'Mister America' Movie Review: Fan Service 1, Satire 0 - Rolling Stone
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‘Mister America’ Review: Fan Service 1, Satire 0

Unless you’re a die-hard Tim Heidecker fan, this feature-length mockumentary about a fake political campaign is one pointless slog

Mister AmericaMister America

Tim Heidecker in 'Mister America.'

Magnolia Pictures

Tim Heidecker is running for District Attorney of San Bernadino, California. Or, to put it in a slightly more accurate way: “Tim Heidecker” is “running” for “District Attorney” of the small SoCal town. You don’t need to have watched the comedian’s groundbreaking, brain-grinding sketch series with Eric Wareheim, Tim and Eric Awesome Show, Great Job!, to sense that there are a lot of air quotes in the premise of Mister America. Nor do you have to know his various collaborations within the confines of his Adult Swim homebase to glean what he’s trying to do with this feature-length mockumentary — though you may need a die-hard Heideckerhead to explain what, exactly, is the endgame here. There is anti-humor, the practice of steadfast, irony-soaked unfunniness that stand-ups like Andy Kaufman have turned into a glorious Dadaist goof. And then there’s trying to pass off straight-faced, flop-sweat belligerence as some kind of satirical skewering and failing miserably. Two guesses as to where this particular example of comic flatlining falls.

Heidecker wants to throw his hat in the ring for D.A. because he has a grudge against the city’s current legal authority, Vincent Rosetti (Don Pecchia). The candidate once co-founded a music festival that resulted in numerous vaping deaths; he was cleared of second-degree murder charges but wants to dish out some payback to the prosecutor. So with a documentary crew in tow — sorry, a “documentary crew” — he campaigns for Rosetti’s job. His “platform” is a combination of immigrants-are-bad rhetoric, a few make-San-Berdoo-great-again platitudes. He yells at his manager (Terri Parks), and constituents, and everybody. Sequences involving Heidecker putting up signs with his slogan “We have a rat problem” — oddly enough, restaurant owners take issue with this tagline — and telling African-Americans that he’d like to clamp down on all that rap music suggest a gonzo cringe-comedy excursion in the making. Director/cowriter Eric Notarnicola worked on Nathan for You and Sacha Baron Cohen’s Who Is America, so he knows the territory.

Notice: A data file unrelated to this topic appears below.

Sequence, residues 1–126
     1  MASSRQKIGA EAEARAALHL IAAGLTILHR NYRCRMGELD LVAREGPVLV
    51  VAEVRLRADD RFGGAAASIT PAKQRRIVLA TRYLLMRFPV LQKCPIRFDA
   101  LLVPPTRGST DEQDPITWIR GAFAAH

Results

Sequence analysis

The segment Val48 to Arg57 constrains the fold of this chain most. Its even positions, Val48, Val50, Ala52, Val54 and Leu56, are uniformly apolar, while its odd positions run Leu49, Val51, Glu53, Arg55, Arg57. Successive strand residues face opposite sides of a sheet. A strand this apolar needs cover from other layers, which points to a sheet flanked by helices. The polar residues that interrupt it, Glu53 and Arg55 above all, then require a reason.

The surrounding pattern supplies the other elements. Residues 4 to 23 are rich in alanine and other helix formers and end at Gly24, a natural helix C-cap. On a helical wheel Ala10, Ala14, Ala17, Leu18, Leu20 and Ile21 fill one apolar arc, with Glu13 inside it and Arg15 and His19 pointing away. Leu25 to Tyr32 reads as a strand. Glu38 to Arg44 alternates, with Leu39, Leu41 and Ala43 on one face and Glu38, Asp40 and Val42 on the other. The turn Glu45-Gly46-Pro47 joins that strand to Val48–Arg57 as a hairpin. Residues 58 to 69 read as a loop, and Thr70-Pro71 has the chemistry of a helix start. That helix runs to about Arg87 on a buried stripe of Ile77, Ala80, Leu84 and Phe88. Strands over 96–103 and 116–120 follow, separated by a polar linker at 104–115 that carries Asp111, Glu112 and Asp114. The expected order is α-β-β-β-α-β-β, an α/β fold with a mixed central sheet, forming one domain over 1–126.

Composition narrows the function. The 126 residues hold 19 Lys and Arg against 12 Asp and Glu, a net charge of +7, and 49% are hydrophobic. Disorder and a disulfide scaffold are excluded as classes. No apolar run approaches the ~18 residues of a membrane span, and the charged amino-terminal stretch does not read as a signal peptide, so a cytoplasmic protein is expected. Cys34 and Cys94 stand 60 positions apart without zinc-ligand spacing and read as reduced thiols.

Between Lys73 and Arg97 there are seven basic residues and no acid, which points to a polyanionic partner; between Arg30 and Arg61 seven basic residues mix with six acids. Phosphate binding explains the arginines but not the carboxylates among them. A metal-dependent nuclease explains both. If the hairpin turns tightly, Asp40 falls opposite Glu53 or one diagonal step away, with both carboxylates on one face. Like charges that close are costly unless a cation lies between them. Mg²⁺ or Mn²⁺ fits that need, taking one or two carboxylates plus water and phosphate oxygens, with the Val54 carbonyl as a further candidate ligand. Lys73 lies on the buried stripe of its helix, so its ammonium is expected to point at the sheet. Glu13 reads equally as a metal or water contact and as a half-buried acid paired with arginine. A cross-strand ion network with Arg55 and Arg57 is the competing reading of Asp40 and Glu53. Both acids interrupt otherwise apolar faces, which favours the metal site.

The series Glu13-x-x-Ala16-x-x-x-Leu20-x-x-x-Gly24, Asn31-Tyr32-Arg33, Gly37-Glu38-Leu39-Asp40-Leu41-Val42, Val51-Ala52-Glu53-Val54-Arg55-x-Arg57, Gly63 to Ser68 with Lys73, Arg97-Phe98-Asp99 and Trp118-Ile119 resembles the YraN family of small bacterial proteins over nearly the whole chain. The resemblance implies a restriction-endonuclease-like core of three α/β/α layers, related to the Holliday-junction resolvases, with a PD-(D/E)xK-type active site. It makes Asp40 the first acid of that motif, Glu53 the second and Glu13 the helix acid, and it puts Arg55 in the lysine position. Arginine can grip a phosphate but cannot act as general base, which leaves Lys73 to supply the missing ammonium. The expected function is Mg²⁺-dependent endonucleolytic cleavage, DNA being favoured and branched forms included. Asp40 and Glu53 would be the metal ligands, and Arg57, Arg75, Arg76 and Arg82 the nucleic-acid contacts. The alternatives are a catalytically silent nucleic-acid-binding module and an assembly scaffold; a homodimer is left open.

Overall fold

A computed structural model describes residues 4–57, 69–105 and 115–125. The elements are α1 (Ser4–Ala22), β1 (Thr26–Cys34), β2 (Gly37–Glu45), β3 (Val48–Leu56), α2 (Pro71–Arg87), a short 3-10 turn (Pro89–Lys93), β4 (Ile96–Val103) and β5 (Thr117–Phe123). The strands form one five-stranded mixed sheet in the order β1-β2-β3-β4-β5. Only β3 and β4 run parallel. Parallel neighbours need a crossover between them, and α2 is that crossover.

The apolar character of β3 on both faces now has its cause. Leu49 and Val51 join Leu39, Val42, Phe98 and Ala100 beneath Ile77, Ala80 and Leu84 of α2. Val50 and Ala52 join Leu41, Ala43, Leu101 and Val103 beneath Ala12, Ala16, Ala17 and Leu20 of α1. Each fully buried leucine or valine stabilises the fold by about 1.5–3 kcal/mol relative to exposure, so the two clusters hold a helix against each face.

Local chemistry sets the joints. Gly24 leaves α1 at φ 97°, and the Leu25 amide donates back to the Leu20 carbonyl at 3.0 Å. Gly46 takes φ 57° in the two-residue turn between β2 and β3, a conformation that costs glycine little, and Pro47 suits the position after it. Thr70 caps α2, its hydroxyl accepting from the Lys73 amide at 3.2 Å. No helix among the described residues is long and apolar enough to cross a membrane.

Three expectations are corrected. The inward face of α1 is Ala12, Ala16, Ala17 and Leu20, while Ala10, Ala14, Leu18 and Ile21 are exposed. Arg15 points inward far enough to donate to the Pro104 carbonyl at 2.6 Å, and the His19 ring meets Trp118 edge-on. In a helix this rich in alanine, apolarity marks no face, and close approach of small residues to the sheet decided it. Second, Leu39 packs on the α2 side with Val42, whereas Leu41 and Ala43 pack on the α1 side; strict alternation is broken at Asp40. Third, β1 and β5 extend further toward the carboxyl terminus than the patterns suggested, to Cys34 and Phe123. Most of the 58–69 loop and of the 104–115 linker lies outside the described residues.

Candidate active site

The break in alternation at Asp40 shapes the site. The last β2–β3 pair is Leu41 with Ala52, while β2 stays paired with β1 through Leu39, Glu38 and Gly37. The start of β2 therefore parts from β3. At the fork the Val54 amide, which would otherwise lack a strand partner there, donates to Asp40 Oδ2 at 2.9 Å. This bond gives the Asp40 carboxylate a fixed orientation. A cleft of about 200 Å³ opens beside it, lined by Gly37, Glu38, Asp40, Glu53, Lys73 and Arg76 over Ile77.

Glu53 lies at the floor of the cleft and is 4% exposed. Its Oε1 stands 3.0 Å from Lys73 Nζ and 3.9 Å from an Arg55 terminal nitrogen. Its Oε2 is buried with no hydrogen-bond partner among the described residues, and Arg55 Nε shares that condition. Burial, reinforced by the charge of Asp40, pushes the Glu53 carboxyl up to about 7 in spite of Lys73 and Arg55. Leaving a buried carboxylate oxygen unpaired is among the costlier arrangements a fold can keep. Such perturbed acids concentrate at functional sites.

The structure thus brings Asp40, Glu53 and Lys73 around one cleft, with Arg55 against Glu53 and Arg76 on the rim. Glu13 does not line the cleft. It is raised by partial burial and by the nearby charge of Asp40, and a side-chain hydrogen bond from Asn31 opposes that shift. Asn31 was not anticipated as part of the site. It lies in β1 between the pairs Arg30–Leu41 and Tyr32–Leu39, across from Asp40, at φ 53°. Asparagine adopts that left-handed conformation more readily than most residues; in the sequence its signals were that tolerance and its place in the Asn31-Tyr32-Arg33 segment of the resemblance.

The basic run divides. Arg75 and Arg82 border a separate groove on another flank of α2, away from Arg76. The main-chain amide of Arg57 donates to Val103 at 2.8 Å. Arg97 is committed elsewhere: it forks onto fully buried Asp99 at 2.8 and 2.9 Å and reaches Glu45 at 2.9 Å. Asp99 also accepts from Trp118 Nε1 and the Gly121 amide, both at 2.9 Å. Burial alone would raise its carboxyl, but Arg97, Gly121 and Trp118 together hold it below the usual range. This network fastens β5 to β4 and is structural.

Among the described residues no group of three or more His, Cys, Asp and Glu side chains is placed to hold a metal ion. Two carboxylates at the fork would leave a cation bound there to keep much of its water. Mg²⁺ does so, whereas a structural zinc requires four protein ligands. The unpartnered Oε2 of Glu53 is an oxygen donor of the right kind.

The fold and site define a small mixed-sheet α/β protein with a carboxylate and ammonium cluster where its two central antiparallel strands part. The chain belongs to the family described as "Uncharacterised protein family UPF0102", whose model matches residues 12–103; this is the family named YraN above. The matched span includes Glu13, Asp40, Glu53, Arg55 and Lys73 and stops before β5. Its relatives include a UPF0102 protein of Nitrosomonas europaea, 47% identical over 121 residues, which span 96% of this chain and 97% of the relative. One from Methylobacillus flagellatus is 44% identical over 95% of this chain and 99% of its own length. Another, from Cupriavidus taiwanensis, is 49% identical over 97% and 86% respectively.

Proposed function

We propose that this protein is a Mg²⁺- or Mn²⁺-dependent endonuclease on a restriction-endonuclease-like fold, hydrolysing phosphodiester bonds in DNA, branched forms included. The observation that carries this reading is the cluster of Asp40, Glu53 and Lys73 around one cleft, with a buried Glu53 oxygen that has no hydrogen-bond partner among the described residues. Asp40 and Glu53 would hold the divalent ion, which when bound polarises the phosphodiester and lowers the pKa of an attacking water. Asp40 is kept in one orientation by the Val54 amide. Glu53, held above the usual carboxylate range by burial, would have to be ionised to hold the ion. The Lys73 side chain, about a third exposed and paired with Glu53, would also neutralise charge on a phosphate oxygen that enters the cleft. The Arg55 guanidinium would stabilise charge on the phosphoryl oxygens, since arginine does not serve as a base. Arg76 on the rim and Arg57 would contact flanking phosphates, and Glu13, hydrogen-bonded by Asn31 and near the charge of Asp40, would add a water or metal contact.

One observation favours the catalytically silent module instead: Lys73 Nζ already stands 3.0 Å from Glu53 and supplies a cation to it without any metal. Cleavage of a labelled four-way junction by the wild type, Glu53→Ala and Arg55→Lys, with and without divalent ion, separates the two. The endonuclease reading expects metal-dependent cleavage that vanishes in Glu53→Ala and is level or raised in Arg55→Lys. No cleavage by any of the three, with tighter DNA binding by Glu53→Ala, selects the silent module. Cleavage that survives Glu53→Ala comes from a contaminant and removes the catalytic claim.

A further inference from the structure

Meanwhile, Heidecker’s old “film-archivist buddy” Gregg Turkington (the man behind Neil Hamburger’s brilliantly curdled Borscht Belt shtick) keeps showing up, trying to throw salt in his friend’s electoral game. The would-be D.A. blows up at him too. If this dynamic sounds vaguely familiar, it’s because you may have caught some of the duo’s On Cinema At the Cinema episodes, their Adult Swim movie-review show that keeps devolving into a soap opera. (The whole music-show murder trial thing? Heidecker aired that on the network as a sort of Court TV takeoff as well.) There are a lot of “Previously on…” type flashbacks to fill newbies in; clips of another show, Decker, get dropped in as well.

What starts as a potential comedy about our toxic, by-any-photo-op-necessary moment simply becomes a curiously drawn-out exercise in extended Heideckerverse mythology, which begs the question: Why didn’t Mister America just run on Adult Swim as a special or get chopped up into late-night-friendly little bites? Instead, we get something that’s too long for their usual stoner-digestible absurdism, too unfocused to really take on post-Trumpian political targets, and too insular to translate to folks not already invested in their long, drawn-out in-joke. Mister America isn’t trying to be “funny”; it’s just trying to be fan service. These things aren’t always mutually exclusive. There is an exception to every rule.

In This Article: Adult Swim


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